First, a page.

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MHO would be to save the money and buy the Sherline, but I am also saying this because I have one. Remember you get what you pay for. The others are all made in China, not that that is a bad thing BUT!!!!!. Like I said just my own option. A lot of us here have a Sherline and like it big time. It all comes down to you.

Wacko

Joe :D

 

Go MSW :) :)

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There are several models to choose from.  As mentioned before you have Harbor Freight and MIcro Lux.  Then there is Taig, Sherline, Enco, Jet etc.  I bought s Sherline used years ago and have been happy with.  You have to remember that you get what you pay for.  Enco and Jet are for heavy industrial us.  And are built for it.  Taig And Sherline are for The home shop machinst, jewelers. etc.  It depends on what you are going to do with it.  My motto has always been to get the best itiem that you can afford. That way you know what to expect.

David B

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It's not only what you can afford, but it's what you can tell your wife you can afford.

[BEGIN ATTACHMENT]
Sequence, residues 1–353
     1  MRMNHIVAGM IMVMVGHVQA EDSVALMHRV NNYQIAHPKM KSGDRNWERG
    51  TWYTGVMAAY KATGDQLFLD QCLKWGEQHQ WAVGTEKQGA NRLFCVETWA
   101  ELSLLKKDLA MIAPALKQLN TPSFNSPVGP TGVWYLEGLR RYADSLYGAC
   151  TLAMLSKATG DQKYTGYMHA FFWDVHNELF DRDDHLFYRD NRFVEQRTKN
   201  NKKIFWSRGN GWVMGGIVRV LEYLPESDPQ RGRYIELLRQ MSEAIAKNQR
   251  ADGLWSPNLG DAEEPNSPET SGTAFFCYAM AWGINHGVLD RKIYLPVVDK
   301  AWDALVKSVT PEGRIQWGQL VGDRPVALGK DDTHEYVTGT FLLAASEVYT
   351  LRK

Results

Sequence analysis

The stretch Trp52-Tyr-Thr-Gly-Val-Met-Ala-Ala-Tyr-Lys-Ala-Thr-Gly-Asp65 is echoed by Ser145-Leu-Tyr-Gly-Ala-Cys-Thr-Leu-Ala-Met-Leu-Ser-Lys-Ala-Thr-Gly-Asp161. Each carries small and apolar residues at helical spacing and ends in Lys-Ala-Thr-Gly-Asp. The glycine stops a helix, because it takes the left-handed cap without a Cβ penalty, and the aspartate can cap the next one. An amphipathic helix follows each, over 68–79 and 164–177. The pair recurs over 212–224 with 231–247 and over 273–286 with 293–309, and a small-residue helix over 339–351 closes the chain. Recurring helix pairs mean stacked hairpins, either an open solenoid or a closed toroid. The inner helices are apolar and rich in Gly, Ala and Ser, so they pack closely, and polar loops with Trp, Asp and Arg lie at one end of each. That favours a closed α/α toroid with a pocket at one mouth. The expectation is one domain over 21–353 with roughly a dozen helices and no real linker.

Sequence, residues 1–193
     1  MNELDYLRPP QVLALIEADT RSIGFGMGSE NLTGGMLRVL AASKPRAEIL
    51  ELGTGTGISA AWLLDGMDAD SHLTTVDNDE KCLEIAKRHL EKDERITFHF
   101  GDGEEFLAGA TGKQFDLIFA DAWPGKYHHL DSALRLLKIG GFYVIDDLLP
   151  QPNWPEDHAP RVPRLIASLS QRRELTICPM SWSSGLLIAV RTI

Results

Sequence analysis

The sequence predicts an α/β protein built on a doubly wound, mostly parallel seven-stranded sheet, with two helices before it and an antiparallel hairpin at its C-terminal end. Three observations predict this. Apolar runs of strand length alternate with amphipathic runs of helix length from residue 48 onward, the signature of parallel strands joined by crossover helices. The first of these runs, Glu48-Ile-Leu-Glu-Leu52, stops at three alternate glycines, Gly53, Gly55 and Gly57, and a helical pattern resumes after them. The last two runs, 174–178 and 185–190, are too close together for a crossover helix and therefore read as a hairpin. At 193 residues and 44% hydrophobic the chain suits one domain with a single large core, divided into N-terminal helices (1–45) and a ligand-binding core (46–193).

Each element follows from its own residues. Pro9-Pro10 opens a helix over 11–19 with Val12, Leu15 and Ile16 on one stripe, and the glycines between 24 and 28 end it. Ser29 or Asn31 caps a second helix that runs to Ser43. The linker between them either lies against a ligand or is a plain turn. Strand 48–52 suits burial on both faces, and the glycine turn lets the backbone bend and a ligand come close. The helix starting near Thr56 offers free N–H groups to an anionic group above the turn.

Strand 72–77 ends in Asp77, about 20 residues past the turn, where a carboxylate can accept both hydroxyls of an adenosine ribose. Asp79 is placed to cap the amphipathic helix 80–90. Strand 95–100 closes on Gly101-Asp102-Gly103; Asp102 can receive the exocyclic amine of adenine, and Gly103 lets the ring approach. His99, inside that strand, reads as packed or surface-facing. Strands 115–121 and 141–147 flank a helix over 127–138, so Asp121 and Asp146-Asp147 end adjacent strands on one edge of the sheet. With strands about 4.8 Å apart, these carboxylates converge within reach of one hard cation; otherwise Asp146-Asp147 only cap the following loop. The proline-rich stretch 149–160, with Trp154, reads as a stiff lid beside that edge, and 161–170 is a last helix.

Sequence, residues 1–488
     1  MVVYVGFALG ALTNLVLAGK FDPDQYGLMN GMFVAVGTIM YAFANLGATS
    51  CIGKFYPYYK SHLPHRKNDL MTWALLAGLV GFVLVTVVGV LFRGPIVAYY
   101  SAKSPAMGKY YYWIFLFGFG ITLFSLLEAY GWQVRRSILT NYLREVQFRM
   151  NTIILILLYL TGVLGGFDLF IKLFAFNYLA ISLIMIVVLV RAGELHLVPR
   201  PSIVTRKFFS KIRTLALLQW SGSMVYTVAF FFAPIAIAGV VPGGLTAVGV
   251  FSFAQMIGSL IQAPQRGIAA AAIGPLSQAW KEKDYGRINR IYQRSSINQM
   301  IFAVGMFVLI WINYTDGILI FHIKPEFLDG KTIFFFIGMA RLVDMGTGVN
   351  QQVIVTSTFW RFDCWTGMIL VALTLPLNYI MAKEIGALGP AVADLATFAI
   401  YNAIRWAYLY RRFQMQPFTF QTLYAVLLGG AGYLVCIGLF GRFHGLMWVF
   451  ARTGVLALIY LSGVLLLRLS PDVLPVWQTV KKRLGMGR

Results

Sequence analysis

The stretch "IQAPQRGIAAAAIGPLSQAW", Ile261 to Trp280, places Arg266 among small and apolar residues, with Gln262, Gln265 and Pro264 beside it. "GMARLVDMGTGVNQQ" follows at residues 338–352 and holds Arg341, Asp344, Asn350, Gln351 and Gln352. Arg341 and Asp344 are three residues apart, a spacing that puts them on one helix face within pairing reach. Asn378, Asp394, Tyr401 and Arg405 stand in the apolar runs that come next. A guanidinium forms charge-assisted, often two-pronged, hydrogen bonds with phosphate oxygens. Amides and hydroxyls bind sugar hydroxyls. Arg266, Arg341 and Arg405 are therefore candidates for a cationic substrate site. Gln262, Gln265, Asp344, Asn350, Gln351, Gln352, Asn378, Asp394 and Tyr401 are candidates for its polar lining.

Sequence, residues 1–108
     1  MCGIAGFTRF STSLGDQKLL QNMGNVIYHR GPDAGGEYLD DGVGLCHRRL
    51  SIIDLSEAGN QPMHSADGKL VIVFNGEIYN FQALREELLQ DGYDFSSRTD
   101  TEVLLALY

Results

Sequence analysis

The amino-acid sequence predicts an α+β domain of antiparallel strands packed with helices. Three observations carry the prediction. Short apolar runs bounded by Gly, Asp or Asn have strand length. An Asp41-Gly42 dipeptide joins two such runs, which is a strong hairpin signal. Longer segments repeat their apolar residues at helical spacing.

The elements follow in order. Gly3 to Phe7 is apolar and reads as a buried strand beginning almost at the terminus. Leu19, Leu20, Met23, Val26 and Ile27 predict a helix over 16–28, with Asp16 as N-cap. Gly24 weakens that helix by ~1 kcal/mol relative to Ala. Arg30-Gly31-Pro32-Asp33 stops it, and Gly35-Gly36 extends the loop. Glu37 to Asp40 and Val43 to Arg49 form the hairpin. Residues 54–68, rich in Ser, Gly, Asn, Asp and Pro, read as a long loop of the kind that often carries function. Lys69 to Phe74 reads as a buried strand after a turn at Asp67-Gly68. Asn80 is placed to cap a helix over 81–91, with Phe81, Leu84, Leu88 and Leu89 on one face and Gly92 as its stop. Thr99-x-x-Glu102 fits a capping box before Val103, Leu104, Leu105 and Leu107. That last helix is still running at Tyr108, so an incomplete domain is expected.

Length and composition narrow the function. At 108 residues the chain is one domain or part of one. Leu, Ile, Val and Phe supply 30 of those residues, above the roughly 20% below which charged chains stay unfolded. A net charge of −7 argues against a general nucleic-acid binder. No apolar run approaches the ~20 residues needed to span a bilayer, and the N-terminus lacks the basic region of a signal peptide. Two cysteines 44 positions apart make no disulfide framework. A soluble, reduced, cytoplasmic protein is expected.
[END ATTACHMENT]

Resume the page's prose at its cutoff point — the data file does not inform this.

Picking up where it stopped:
My waivering comes from the fact that I read several reviews of the Proxxon on Amazon by Americans who complained that the motor didn't work right, that knobs had too much play in them, and so on.  That surprised me, since I had assumed Proxxon was a quality product.  Sherline would be ideal, but ideals tend to be pricey, and I'm just finishing my second build so would have a hard time explaining the thousand dollar price tag.

 

Like Meredith, I'm undecided.  But this is a valuable discussion.

 

Cheers,

 

Martin

Current Build:  HMS FLY 1776

 

Previous Builds:  Rattlesnake 1781

                        Prince de Neufchatel

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If the admiral finds something shiny that she can wear on her pillow you will be given permission to buy whatever you want. Of course this will likely double the cost of your tool. But it helps to be able to point a diamond necklace and say that one is my table saw, and those earrings are my Jim Brynes rope walk. :D

 

But I ask you what is the price of peace?

Current Builds - 18th Century Longboat, MS Syren

Completed Builds - MS Bluenose, Panart BatteStation Cross section, Endevour J Boat Half Hull, Windego Half Hull, R/C T37 Breezing Along, R/C Victoria 32, SolCat 18

On the shelf - Panart San Felipe, Euromodel Ajax, C.Mamoli America, 

 

Its a sailor's Life for me! :10_1_10: